Price of Visual Studio 2005 Announced

This week, Microsoft announced the pricing for the Visual Studio line of products. In most cases, the pricing should not be surprising. For the normal editions, the pricing is:

  • Visual Studio 2005 Standard Edition: Flexible tool for part-time or line-of-business application developers building Windows, Web, or mobile applications.
    Price: $299 ($199 for upgrade)

  • Visual Studio 2005 Professional Edition: A comprehensive tool for professional developers.
    Price: $799 ($549 for upgrade)

Additionally, the Visual Studio version for Office developers will also be available:

  • Microsoft Visual Studio 2005 Tools for the Microsoft Office System: For professionals using Excel, Word, and InfoPath to develop Office System solutions.
    Price: $799 ($549 for upgrade)

I have previously mentioned the Express editions of Visual Studio. While it was believed that Microsoft could potentially give these products away, it has now been stated that the pricing will be $49. This should apply to the five language-specific Express versions:

  • Visual Basic 2005 Express Edition
  • Visual J# 2005 Express Edition
  • Visual C++ 2005 Express Edition
  • Visual C# 2005 Express Edition
  • Visual Web Developer 2005 Express Edition

Nothing was stated on the price of the SQL Server 2005 Express Edition; however, it is still expected to be free in the same way that MSDE was free. Of course, Microsoft is free to change this.

The other Visual Studio Editions fall within the Team System. These are:

  • Visual Studio Team Edition for Software Architects
  • Visual Studio Team Edition for Software Developers
  • Visual Studio Team Edition for Software Testers
  • Visual Studio Team Suite

The Visual Studio Team Suite is actually a combined edition of the three individual products. It is expected that most people will obtain these products through MSDN subscriptions. The MSDN subscriptions, however, are not expected to contain all three products. Rather, the Universal MSDN subscription will contain only one role-based version of Visual Studio Team System. Unversal subscribers will be able to upgrade to the Suite.

Another product that Microsoft will be releasing is Visual Studio 2005 Team Foundation Server. This is a stand-alone server that supports Visual Studio Team System.

One of the focuses for Visual Studio 2005 was to help increase individual programmer productivity. This is being done by cutting down the amount of code necessary to create programs, by improving the help features (Intellisense/Intellitask), and more. Although nobody likes to pay for upgrades, it seems that Microsoft has stuck with the standard pricing they've been doing in the past. As such, it will only take a few hours of saved time to justify the upgrades.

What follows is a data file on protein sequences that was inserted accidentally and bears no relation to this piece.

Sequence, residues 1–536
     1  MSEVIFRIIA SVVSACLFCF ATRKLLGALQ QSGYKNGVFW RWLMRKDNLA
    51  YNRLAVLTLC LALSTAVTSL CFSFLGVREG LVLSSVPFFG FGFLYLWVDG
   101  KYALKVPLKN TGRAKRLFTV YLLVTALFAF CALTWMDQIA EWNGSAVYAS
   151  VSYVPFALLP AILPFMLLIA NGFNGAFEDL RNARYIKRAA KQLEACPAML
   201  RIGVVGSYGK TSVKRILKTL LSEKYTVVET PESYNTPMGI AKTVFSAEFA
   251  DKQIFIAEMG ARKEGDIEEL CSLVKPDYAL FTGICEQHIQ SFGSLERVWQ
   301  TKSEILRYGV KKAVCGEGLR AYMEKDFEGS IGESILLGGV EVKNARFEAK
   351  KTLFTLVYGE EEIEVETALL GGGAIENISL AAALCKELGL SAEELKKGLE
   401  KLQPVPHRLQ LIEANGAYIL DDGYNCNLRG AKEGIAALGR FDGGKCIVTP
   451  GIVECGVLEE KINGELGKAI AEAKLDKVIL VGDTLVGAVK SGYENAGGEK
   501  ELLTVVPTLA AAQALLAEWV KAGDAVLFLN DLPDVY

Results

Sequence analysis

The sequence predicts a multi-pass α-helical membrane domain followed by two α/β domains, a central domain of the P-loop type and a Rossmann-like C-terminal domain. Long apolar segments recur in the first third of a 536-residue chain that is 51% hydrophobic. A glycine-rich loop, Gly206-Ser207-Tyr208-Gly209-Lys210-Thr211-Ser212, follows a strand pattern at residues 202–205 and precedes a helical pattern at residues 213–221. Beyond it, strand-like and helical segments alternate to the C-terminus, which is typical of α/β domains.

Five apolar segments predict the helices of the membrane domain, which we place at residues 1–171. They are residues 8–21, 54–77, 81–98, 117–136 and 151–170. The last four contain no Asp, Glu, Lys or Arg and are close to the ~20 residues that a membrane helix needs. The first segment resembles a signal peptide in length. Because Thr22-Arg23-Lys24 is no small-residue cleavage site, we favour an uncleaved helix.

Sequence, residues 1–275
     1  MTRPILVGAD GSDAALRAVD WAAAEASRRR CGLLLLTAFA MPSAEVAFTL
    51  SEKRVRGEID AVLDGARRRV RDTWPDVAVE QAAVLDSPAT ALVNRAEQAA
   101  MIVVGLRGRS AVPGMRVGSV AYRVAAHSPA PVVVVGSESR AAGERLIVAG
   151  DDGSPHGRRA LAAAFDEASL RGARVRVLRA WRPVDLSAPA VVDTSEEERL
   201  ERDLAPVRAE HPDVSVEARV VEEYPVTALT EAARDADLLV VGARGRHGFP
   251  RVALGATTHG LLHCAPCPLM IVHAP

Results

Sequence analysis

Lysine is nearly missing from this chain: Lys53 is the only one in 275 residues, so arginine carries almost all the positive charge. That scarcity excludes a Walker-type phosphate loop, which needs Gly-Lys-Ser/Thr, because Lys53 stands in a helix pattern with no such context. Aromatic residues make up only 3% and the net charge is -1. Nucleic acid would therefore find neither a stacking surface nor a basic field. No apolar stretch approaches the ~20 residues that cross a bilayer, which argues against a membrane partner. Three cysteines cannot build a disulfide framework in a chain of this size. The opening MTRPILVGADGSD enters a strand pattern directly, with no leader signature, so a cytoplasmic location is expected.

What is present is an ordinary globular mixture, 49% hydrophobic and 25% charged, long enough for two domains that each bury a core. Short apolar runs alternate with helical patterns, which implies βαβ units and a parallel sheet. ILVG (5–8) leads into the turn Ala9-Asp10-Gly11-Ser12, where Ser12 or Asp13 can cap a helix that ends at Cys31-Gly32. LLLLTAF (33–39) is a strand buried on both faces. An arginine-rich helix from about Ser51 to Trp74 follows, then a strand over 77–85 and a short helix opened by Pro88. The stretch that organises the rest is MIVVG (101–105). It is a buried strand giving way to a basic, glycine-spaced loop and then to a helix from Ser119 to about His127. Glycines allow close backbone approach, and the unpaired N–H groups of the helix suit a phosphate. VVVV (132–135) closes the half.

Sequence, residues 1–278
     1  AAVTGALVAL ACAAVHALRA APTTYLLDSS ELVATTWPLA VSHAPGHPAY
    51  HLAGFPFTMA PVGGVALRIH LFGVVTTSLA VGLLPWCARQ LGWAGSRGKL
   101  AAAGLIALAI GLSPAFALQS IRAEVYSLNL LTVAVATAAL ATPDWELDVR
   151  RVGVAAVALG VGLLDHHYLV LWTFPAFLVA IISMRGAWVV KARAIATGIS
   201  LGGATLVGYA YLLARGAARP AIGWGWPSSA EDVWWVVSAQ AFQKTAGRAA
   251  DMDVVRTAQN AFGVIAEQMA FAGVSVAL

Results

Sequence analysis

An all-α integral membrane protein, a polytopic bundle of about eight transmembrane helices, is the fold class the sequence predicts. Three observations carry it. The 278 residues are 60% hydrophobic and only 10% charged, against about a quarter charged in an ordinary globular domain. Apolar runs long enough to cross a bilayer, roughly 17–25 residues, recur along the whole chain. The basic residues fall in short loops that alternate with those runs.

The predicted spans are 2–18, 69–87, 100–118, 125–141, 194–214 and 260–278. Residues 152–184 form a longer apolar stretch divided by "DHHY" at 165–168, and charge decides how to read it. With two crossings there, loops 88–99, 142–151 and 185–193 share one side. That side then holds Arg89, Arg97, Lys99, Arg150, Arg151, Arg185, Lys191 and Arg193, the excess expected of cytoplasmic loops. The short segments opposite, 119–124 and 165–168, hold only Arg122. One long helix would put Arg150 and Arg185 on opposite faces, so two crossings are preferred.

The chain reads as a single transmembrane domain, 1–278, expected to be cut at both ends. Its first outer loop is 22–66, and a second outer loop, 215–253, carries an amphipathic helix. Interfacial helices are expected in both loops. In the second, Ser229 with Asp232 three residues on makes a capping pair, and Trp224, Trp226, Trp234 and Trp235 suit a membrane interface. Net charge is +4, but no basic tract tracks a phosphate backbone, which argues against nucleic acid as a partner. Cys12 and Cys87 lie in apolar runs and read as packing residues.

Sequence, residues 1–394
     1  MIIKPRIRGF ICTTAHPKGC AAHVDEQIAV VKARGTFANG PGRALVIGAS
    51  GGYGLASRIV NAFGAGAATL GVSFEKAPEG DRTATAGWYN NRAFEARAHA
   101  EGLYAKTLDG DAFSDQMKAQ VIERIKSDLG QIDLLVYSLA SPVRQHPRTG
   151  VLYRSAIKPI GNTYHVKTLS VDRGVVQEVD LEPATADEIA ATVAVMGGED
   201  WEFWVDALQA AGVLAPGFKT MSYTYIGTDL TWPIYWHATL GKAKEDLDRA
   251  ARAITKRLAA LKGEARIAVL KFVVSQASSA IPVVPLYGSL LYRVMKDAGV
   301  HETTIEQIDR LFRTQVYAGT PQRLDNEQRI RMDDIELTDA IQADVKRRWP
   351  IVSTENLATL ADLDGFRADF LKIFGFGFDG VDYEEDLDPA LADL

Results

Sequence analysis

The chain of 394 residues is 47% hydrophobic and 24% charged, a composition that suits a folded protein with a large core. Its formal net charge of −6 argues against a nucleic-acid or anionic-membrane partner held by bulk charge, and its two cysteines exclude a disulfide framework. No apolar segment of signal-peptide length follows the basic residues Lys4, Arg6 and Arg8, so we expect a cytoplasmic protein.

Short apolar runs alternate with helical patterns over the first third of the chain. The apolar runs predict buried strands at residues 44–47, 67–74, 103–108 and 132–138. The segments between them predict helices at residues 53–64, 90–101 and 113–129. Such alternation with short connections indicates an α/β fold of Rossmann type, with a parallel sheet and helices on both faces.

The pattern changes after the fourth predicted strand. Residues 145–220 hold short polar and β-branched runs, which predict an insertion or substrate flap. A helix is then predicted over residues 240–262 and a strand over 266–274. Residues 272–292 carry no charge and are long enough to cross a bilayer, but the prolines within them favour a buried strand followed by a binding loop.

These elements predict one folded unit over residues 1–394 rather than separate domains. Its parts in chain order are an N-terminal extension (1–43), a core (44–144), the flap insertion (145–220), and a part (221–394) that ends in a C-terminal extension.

If you haven't looked at Visual Studio 2005, you can find information on the betas and links for downloading them at http://lab.msdn.microsoft.com/vs2005/.

# # #



About the Author

Bradley Jones

Bradley Jones, in addition to managing CodeGuru, Brad! oversees the Developer.com Newtwork of sites including Codeguru, Developer.com, DevX, VBForums, and over a dozen more with a focus on software development and database technologies. His experience includes development in C, C++, VB, some Java, C#, ASP, COBOL, and more as well as having been a developer, consultant, analyst, lead, and much more. His recent books include Teach Yourself the C# Language in 21 Days, Web 2.0 Heroes, and Windows Live Essentials and Services.
Google+ Profile | Linked-In Profile | Facebook Page

Comments

  • There are no comments yet. Be the first to comment!

Leave a Comment
  • Your email address will not be published. All fields are required.

Top White Papers and Webcasts

  • Live Event Date: December 11, 2014 @ 1:00 p.m. ET / 10:00 a.m. PT Market pressures to move more quickly and develop innovative applications are forcing organizations to rethink how they develop and release applications. The combination of public clouds and physical back-end infrastructures are a means to get applications out faster. However, these hybrid solutions complicate DevOps adoption, with application delivery pipelines that span across complex hybrid cloud and non-cloud environments. Check out this …

  • On-demand Event Event Date: October 29, 2014 It's well understood how critical version control is for code. However, its importance to DevOps isn't always recognized. The 2014 DevOps Survey of Practice shows that one of the key predictors of DevOps success is putting all production environment artifacts into version control. In this webcast, Gene Kim discusses these survey findings and shares woeful tales of artifact management gone wrong! Gene also shares examples of how high-performing DevOps …

Most Popular Programming Stories

More for Developers

RSS Feeds